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California Senate clears bill targeting Amazon labor practices blamed for missed bathroom breaks

Workers handle boxes inside the Amazon Fulfillment center in Robbinsville Township, N.J.
Workers handle boxes inside the Amazon Fulfillment center in Robbinsville Township, N.J. (AP Photo/Julio Cortez)

California Senate clears bill targeting Amazon labor practices blamed for missed bathroom breaks

September 09, 11:52 AM September 09, 12:44 PM

California’s Senate dealt Amazon a blow by passing a bill targeting the company’s labor practices as workers across the country complain about warehouse conditions.

The legislation cleared the Senate 26-to-11 and is anticipated to be passed by the House and sent to California Gov. Gavin Newsom’s desk. The bill seeks to curtail so-called production quotas for warehouse workers, who have complained of being overworked to the point of forgoing bathroom breaks.

The bill mandates that Amazon and other companies make quotas publicly available to employees and regulators and provides workers a legal avenue if the quotas stop them from following state-sanctioned safety protocols or breaks, according to the New York Times.

“In the Amazon warehouse space, what we’re trying to take on is this increased use of quotas and discipline based on not meeting the quotas without a human factor in dealing with a reason why a worker might not make a quota,” said the bill’s author, Assemblywoman Lorena Gonzalez.

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Amazon has faced several accusations of working employees to the point of exhaustion under threat of termination. Amazon’s warehouse quotas are tracked by complex algorithms that attempt to make its workspaces as efficient as possible to meet shipping deadlines.

The multinational online retailer faced intense pressure and media scrutiny earlier this year when employees at its Bessemer, Alabama, warehouse attempted to unionize. Figures on both sides of the political spectrum, from socialist Sen. Bernie Sanders of Vermont to GOP Sen. Marco Rubio of Florida, championed the cause of the warehouse workers.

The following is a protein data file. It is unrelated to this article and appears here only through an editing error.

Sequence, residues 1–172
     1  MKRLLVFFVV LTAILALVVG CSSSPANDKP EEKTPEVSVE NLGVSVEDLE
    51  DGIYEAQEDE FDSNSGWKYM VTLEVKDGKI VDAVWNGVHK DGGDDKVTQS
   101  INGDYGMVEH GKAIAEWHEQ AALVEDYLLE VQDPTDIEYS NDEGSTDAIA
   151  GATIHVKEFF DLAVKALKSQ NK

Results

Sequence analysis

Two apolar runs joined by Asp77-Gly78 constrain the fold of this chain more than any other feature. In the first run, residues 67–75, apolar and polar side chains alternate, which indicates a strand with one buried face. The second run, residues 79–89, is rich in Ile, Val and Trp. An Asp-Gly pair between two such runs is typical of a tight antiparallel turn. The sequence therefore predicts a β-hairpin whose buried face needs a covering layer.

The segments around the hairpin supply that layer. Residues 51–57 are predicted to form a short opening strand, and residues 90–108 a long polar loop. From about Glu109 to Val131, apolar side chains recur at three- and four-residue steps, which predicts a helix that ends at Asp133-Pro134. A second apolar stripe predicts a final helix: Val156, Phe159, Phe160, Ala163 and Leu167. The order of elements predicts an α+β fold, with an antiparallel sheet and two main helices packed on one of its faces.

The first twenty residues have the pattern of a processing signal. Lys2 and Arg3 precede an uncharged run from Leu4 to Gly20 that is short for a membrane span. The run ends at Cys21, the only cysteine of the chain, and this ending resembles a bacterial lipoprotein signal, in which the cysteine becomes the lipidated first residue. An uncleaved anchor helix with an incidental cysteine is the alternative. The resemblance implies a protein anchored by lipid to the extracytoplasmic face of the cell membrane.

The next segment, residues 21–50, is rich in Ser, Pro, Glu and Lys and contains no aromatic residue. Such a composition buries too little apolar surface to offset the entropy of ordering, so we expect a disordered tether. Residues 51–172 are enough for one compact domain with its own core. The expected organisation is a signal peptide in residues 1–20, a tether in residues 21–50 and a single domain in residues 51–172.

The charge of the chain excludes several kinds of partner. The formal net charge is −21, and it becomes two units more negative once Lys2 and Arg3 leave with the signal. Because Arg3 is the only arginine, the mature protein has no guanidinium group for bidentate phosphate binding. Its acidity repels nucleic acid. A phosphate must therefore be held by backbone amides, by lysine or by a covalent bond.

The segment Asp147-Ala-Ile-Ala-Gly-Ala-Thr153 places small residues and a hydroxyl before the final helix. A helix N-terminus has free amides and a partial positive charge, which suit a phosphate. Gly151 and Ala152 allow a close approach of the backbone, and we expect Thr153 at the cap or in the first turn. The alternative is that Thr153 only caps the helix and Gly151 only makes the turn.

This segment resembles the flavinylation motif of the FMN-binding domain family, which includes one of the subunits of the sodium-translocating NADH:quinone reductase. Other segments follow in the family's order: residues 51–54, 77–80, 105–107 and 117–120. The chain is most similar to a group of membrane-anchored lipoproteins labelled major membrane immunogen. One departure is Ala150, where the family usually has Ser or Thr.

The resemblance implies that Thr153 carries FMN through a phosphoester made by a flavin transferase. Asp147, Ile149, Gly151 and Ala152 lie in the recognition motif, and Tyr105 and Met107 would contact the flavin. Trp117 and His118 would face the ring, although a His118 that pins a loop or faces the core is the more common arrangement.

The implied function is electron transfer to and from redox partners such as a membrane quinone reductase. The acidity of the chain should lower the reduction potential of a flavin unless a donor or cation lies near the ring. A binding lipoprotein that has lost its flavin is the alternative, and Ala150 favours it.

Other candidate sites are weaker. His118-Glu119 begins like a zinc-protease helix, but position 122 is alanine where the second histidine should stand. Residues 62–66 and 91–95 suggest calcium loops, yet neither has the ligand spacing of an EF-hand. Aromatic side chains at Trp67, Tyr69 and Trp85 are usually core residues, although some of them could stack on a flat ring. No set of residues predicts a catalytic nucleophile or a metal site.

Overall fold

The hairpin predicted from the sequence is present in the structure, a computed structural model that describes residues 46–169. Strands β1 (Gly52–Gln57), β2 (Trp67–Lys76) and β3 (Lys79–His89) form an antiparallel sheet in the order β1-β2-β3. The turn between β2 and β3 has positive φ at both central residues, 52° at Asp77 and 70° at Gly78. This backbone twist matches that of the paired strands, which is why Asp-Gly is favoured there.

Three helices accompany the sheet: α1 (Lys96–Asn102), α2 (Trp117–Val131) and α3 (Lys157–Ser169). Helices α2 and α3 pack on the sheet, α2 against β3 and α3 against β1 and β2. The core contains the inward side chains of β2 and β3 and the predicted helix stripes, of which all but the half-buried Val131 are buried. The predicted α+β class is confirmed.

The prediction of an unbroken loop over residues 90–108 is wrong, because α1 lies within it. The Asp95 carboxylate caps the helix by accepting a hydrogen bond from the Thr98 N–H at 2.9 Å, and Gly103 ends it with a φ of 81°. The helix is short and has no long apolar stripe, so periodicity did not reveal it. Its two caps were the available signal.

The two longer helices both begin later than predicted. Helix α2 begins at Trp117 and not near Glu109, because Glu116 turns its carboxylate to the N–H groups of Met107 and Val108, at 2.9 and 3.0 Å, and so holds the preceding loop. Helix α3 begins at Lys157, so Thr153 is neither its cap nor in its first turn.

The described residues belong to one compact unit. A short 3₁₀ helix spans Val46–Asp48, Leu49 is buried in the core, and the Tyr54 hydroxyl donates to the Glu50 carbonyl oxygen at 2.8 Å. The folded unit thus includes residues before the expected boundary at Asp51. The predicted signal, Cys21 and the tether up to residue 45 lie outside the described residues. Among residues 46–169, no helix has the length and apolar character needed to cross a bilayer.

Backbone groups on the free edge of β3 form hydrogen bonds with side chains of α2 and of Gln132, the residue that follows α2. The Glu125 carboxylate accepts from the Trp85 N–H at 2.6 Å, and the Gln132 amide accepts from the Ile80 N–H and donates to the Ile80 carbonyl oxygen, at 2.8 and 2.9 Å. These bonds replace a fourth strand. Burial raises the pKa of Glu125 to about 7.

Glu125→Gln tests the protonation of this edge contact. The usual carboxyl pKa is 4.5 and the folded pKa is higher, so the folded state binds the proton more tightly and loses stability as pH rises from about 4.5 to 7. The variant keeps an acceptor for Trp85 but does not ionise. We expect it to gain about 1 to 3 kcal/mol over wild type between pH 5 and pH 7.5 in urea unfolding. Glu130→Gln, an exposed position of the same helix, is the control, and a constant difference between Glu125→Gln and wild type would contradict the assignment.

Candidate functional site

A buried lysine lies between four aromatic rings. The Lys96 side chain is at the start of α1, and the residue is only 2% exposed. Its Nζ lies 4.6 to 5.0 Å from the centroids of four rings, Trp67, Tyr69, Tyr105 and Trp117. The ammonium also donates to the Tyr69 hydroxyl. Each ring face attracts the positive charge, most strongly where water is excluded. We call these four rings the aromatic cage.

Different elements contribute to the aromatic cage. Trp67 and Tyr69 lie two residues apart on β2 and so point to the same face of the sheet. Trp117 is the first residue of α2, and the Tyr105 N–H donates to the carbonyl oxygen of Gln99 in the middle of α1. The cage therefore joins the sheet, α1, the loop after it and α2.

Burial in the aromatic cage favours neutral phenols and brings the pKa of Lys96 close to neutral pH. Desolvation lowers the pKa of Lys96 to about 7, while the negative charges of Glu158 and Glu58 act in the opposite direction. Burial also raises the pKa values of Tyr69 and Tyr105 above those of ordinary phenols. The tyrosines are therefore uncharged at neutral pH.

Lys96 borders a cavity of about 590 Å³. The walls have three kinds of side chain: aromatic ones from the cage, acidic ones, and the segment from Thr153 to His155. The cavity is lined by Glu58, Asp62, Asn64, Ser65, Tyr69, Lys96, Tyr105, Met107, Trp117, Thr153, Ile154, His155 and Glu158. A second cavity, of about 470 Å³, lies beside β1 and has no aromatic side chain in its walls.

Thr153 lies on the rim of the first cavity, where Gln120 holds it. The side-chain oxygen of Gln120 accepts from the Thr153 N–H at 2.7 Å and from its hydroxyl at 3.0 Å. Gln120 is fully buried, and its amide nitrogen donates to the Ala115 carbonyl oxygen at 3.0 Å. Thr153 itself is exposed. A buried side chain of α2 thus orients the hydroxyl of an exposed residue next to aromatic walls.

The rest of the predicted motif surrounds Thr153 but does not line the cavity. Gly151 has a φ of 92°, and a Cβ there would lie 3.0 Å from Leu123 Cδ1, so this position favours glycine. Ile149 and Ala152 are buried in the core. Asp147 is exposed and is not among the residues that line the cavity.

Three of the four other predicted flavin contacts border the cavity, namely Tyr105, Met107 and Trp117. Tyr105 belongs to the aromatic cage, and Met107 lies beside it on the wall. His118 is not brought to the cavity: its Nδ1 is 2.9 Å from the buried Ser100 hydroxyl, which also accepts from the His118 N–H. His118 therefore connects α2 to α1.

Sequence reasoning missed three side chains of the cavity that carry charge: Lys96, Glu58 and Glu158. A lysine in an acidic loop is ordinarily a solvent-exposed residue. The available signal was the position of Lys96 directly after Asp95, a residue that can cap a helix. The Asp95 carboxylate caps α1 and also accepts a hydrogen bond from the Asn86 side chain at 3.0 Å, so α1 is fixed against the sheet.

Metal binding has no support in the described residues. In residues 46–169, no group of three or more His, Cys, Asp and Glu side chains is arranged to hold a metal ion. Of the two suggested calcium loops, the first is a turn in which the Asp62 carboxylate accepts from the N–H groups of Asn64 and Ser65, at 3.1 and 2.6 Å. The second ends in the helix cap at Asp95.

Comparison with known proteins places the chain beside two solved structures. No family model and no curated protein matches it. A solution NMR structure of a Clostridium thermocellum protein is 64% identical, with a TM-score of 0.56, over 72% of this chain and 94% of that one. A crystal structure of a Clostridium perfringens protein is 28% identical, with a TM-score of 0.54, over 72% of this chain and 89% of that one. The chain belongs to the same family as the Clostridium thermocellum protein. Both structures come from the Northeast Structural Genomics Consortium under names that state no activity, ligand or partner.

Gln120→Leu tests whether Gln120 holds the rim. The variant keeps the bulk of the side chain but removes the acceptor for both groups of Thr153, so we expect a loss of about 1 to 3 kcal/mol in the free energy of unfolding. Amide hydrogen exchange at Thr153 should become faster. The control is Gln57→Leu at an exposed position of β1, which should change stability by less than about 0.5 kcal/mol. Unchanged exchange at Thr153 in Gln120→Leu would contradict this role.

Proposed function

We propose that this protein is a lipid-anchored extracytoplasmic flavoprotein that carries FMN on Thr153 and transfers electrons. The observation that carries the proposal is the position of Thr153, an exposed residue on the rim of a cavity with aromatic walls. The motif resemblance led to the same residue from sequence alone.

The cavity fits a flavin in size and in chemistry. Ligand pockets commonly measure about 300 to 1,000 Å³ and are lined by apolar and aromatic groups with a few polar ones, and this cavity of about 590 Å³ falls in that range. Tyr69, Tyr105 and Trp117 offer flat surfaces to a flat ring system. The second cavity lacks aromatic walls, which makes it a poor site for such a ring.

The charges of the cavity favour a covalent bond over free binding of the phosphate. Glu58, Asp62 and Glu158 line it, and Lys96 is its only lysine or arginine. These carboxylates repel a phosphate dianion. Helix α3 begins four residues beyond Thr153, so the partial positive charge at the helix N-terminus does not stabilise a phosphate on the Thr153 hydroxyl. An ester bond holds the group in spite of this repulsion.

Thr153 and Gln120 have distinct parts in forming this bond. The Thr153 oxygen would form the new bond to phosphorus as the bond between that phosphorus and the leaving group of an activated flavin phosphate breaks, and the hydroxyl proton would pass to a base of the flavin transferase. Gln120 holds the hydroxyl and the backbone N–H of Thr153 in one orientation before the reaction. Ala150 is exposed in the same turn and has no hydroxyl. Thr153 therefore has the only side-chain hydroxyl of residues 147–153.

Amazon, now the country’s second-largest private employer, has batted back condemnation by highlighting its $15 minimum wage, well above the federal minimum wage and many state minimums.

One employee who testified before the Senate earlier this year said that the problems were less about wages and more about the work environment.

“Amazon brags it pays workers above the minimum wage. What they don’t tell you is what those jobs are really like,” said Jennifer Bates in March. “And they certainly don’t tell you that they can afford to do much better for the workers. Working at Amazon [warehouses] is no easy thing. The shifts are long. The pace is super fast. You’re constantly being watched and monitored. They seem to think you are another machine.”

There have also been claims that Amazon workers are forced to relieve themselves in bottles to save time and meet work quotas. Amazon has denied that workers have had to urinate in bottles, but an internal company email obtained by the Intercept showed an Amazon logistics area manager imploring employees not to defecate into bags. It also acknowledged urine-filled bottles.

“This evening, an associate discovered human feces in an Amazon bag that was returned to station by a driver. This is the 3rd occasion in the last 2 months when bags have been returned to station with poop inside. We understand that DA’s [driver associates] may have emergencies while on-road, and especially during Covid, DAs have struggled to find bathrooms while delivering.”

An investigative report by the New York Times found that 3% of Amazon’s hourly employees are either fired or quit each week, equating to an annual turnover rate of 150%.

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It is unclear if Newsom intends to sign the legislation, which is expected to pass the lower chamber, although his staff helped craft the bill by softening certain provisions to allow its passage in the Senate. Newsom’s office declined to comment on the legislation but said it will be evaluated on its merits should it reach the governor’s desk.

The Washington Examiner also contacted Amazon for comment about the legislation’s passage but did not immediately receive a response.

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